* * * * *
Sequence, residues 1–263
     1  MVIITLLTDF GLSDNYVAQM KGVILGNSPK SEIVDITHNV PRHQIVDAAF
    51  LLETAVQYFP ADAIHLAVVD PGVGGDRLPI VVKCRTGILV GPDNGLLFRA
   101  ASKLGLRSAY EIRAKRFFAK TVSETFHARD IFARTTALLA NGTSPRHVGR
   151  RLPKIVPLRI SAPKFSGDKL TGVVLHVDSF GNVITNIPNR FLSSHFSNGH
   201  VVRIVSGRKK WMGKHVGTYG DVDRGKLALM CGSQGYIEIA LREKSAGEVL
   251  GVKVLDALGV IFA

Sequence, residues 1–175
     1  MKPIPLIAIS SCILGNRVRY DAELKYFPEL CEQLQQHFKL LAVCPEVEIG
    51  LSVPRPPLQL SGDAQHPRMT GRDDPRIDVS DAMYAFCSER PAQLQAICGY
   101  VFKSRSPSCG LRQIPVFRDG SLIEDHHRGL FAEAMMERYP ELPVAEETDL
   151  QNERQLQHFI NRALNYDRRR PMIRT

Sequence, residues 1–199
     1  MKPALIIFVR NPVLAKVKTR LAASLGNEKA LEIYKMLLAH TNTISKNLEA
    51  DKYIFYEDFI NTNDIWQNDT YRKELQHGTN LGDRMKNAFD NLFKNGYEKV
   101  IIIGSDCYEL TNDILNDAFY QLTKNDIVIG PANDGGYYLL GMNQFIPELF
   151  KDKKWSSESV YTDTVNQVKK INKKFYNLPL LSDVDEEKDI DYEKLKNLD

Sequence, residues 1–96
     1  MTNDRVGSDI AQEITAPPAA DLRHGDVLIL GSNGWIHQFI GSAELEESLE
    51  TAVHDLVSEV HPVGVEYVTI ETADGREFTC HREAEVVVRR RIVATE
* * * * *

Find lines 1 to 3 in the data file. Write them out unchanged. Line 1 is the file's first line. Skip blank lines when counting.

Sequence, residues 1–263
     1  MVIITLLTDF GLSDNYVAQM KGVILGNSPK SEIVDITHNV PRHQIVDAAF
    51  LLETAVQYFP ADAIHLAVVD PGVGGDRLPI VVKCRTGILV GPDNGLLFRA